As you know I’ve been sick recently. As of the date of the concert I was still tired by the evening and coughing up a storm at night. I debated not going but it was a date with friends and I’d hate missing out. I was certain I wasn’t contagious. I was just suffering from a cough that hangs around after.

Anyway, I looked at the tickets and was thrilled to discover that I’d paid extra for us four to have seats in the balcony. There’d be no need to stand around. Yay!

But other friends were in the regular section and I felt guilty. I couldn’t hang with them and I couldn’t dance. I had to sit. Jokingly friends referred to where we were as the luxury section for old ladies. (Yes, the tickets cost more.)

This feeling of being aware of my needs being different than the needs of others was new to me. It made me realize how privileged I am that this is usually not true for me.

When these piece came across my newsfeed that same week, What a Dolly Parton Concert Taught Me About Living With Chronic Illness, it resonated in a way it might not have before.

“The next time anyone gives me drama about sitting down or bowing out of a standing room-only event, I’m just going to remember Dolly. What would Dolly do? She’d probably smile graciously, keep singing her heart out in all her rhinestoned finery and completely ignore those criticisms. You do what you need to do to look after yourself. That’s something I constantly tell myself, and Dolly helped remind me of it.”

I know I’m frequently the person on the blog who advocates standing over sitting, and moving over keeping still, but yes, sit if you need to. I did. And Dolly does too. No guilt. No shame.

 

fitness

Sick, sick, sick, and sick of it. Hack. Cough. Wheeze. Blerg.

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I took my FitBit off this week in disgust. There is nothing good to report. I’m not moving much because when I move I start coughing. I’m also not sleeping particularly well, because coughing.

ARGH.

I’m trying to keep my spirits up. I’m vaguely happy that it’s snowing because I can’t do anything anyway.

This morning’s Facebook status update: “Okay, yes it’s snowing. But I’m still sick and can’t do much anyway. Highs in the teens over the weekend. High of 20 in the forecast for next week. The snow will melt. I will stop coughing. And I will ride my bike again.”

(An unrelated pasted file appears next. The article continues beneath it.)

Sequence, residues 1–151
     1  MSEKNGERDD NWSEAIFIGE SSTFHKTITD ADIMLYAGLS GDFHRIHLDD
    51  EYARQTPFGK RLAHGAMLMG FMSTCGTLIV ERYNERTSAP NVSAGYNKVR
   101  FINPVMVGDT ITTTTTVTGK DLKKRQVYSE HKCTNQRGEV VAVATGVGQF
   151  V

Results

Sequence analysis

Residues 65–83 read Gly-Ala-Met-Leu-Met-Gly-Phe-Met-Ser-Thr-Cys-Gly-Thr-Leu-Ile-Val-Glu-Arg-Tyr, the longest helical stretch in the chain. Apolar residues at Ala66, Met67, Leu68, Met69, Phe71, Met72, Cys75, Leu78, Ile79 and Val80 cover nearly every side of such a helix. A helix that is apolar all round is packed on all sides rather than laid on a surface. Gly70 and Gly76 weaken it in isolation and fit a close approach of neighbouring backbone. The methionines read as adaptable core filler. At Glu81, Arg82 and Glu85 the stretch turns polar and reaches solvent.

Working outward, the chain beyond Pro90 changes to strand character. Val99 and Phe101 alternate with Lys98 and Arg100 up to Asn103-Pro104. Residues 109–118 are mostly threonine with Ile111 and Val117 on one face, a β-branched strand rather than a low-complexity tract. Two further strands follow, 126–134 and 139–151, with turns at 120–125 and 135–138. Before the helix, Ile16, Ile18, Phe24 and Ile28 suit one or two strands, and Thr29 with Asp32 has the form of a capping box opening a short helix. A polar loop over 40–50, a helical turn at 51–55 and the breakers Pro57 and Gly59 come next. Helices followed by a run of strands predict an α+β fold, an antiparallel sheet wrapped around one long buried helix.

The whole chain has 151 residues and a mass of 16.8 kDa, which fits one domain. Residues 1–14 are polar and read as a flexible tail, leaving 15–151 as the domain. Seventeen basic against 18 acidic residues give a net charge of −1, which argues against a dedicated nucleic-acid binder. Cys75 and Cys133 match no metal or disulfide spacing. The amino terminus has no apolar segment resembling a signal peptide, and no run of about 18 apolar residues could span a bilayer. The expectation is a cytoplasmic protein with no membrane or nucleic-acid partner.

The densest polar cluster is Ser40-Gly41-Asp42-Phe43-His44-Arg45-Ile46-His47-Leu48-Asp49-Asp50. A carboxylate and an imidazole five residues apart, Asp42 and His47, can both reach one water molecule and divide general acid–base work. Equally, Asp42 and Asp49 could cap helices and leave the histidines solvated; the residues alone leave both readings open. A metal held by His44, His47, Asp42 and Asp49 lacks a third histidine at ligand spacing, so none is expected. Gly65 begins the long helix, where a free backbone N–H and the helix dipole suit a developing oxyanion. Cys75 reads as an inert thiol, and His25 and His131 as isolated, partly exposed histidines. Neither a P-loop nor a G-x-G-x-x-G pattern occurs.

And yes, I’m doing all the things. Drinking hot tea with honey, eating soup, resting, I promise.

When you have a cold and lingering cough, what’s your preferred ‘feel better’ thing to do? Last time I was this sick I see it lasted a month. Yikes.

(Apparently I like to Google image search for “too sick to work out” and “missing my bike.”)

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Guest Post · holidays

It’s easy to get lazy! Return to training during or after a cold? (Guest post)

Over the holidays I was hit by a pretty bad cold. 7 days straight of very high fever, sore throat, congestion, and coughing. My immune system is hyper-reactive and the nukes were out to destroy the bug. But it did not work this time. It lasted its full 10 days. And now beyond the 10 days I still feel somewhat congested.
Despite all signs, I went out running on day 5. Admittedly, I did not have any fever that morning and thought “That’s it, I am winning this!” This was a very slow run even if I felt like I was pushing. And at the end of the day I could tell by how I was feeling that it had been a mistake to go out. Did it extend my cold? Who knows. This is hard to say. And advice out there on whether one should run or train with a cold is sometimes contradictory. Most will say if you have fever, don’t. But unless one has a working and reliable thermometer (I don’t) it can be hard to tell (add to the mix the occasional hot flashes induced by peri-menopause and, voilà! Is it fever? Is it a hot flash?)
So after that 5th day outing, I waited another 4 days before engaging in any training. During that time, one wonders: am I just being lazy? Surely I could (should?) push myself and do it. When I did train, it was indoors because I was still somewhat feverish and did not feel like running outside in the wet cold. So I did weight training and leg exercises. I thought: “good plan! This won’t go against my less than optimal oxygen intake because of my congestion.” That was without thinking about muscular weakness caused by the cold. I don’t think I have ached like this in a very long time! I went out for a run the next day and pulled something in my thigh. Good job! But again, I was questioning whether I was just being lazy. It is so easy to get lazy, right? Stay warm inside and lounge on the couch, reading stuff and watching some TV (and doing work on the computer). One gets maybe too comfortable? So out I went to run a 7km!
But there are times when your body just needs to be lazy. It needs you to rest and fight what it has to fight. While you are reading, watching TV, killing time on Facebook, your body is hard at work fixing itself. It may be easy to get lazy but it may be necessary at times. This was one such time and I did not listen to my body.
Training is fun and exciting. I know I like it. But I have to learn to be patient with myself when I am sick and need my energy to fight whatever is assaulting me. Mostly, I have to shut up that narrative that makes me think I am just being lazy and should suck it up. I have to go back to working out in a way that does not throw me back into illness. This means a gradual return, testing the waters so to speak. So I need to be more patient with myself. Oh! And I also need to get myself a proper thermometer!